Girls Season 2 Premiere Review “It’s About Time”

A season premiere, in a show that allows things to change between seasons, is always going to have a big job to do. Almost inevitably, too big. “It’s About Time” struggles under the weight of having to catch us up on what’s going on in the Girls universe, and while I didn’t particularly love it, I’ve got enough good will towards the show to trust that Dunham and co. know what they’re doing.

As set-up for the rest of the season, this episodes functions fairly wonderfully. In four short scenes at the beginning, we’re basically caught up: Hannah is living with Elijah now. Shoshanna is still her manic self, and Marnie is getting fired from her job. (Sorry, she’s “transitioning.”) Maybe most importantly, Hannah has a new love interest, in the form of Sandy. Donald Glover doesn’t get much to do with him here, but I love the actor, and I just pray they let him be funny at least once. Oh, and also, we see Dunham’s boobs before the title card even shows up, just in case we forgot what show we were watching, or what network it’s on.

“It’s About Time” was so concerned with moving about and re-establishing the emotional chess pieces of the show, that only two scenes managed to feel to me like they had any weight to them. The first is Hannah’s first scene taking care of Adam, where we get to see the fallout from the finale’s truck accident. The relationship between Adam and Hannah gets a lot of praise, and for good reason; it’s the most sharply depicted interaction in the show as a whole. Watching Hannah flail in the face of Adam’s uncomfortable directness is always compelling on a character level.

My other favorite scene of the night involved someone completely new, Rita Wilson as Marnie’s mother. She pulled off the character so well, as a mother who wants much more to be a friend than an actual parent. I hope we see her again, as the character managed to shed some new light on why Marnie is the way she is.

Elsewhere, things tended to suffer from being all bunched up together in time. Shoshanna and Ray can’t help but make out with each other, even if Shoshanna uses emojis completely incomprehensibly. Elijah has an older, wealthy boyfriend, George, who embarrasses him at the party, so he ends up trying to sleep with Marnie, in a turn that felt like it came from absolutely nowhere. I suspect that’s just because we don’t know too much about Elijah as of yet – hopefully, we’ll dive in at least a little bit more as the season goes on.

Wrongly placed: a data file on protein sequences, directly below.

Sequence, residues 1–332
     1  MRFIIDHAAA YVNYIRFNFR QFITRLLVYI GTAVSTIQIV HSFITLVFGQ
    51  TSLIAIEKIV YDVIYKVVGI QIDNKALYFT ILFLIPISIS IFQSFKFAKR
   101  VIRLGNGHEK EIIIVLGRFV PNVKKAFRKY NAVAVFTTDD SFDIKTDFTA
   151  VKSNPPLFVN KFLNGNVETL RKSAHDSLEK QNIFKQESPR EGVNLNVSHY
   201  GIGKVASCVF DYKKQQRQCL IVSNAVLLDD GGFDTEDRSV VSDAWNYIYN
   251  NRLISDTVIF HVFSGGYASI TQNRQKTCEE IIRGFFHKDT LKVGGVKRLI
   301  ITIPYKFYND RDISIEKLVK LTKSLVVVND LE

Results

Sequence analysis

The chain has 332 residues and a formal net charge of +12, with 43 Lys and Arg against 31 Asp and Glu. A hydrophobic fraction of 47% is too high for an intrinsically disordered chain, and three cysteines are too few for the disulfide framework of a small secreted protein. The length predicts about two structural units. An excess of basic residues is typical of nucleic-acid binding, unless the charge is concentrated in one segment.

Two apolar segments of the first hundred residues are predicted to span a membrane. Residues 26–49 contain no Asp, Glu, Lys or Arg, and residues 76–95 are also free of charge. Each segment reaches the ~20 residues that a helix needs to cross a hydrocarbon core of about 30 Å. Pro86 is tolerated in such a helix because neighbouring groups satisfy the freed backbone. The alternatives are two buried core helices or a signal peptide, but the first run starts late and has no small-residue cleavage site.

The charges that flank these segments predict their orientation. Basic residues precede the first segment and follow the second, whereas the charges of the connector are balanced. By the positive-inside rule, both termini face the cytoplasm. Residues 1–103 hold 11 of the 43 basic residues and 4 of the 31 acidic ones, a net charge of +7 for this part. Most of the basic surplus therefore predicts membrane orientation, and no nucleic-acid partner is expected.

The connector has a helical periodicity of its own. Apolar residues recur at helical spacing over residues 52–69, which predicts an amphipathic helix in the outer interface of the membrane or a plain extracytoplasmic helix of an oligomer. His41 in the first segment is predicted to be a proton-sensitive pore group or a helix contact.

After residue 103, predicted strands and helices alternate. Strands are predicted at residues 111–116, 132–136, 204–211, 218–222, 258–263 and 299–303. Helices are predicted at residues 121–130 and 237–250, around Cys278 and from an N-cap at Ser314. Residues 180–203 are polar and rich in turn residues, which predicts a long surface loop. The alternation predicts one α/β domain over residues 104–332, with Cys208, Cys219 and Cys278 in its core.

That failed tryst does, however, lead to Marnie spending the night with Charlie, and that shot of her asking if he would let her not spend the night alone really hammered home that she knew she was making a mistake, but needed to do it regardless. Marnie was, for the first season, so much the successful one as compared to Hannah, that it’s compelling to see her in a bit of a tailspin. Her earlier conversation with Hannah, about growing apart, was especially painful too.

With all that going on, Girls only finds time for the newly-married Jessa in one scene. She seems happy, with her vacation braids and her husband that’s basically a stranger, but we can probably guess how that will turn out. This scene felt so tacked-on that I honestly wish the episode just left her out completely, and let the other material breathe a little more.

Girls is fundamentally a show about people who are trying to figure out how to operate in the world, and this premiere does the job of establishing a whole new set of conflicts against which each of the four main characters can ram their head. Especially intriguing is the small whiff of politics we catch, with Hannah borrowing The Fountainhead from Sandy. We already know that Donald Glover’s character is, to some degree, conservative, and politics is an area of new-adult life this show has yet to touch. I didn’t love “It’s About Time” on its own, but I like where it told me the show could be heading.